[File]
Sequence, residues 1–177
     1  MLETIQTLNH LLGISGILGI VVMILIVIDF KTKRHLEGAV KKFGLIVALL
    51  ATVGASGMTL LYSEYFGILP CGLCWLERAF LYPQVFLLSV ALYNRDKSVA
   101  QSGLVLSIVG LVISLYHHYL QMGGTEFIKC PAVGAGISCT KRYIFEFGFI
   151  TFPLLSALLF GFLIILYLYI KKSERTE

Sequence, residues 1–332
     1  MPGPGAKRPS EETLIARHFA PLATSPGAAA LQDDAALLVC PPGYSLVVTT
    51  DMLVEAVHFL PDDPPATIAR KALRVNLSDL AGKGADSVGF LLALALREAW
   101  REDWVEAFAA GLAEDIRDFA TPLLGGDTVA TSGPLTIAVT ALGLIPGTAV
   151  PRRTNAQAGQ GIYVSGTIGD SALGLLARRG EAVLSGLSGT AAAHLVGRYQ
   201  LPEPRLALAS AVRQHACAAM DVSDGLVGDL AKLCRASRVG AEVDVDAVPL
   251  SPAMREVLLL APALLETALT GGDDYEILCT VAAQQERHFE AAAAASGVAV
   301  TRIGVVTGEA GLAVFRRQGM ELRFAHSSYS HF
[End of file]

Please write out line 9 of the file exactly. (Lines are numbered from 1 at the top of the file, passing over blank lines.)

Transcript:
   101  REDWVEAFAA GLAEDIRDFA TPLLGGDTVA TSGPLTIAVT ALGLIPGTAV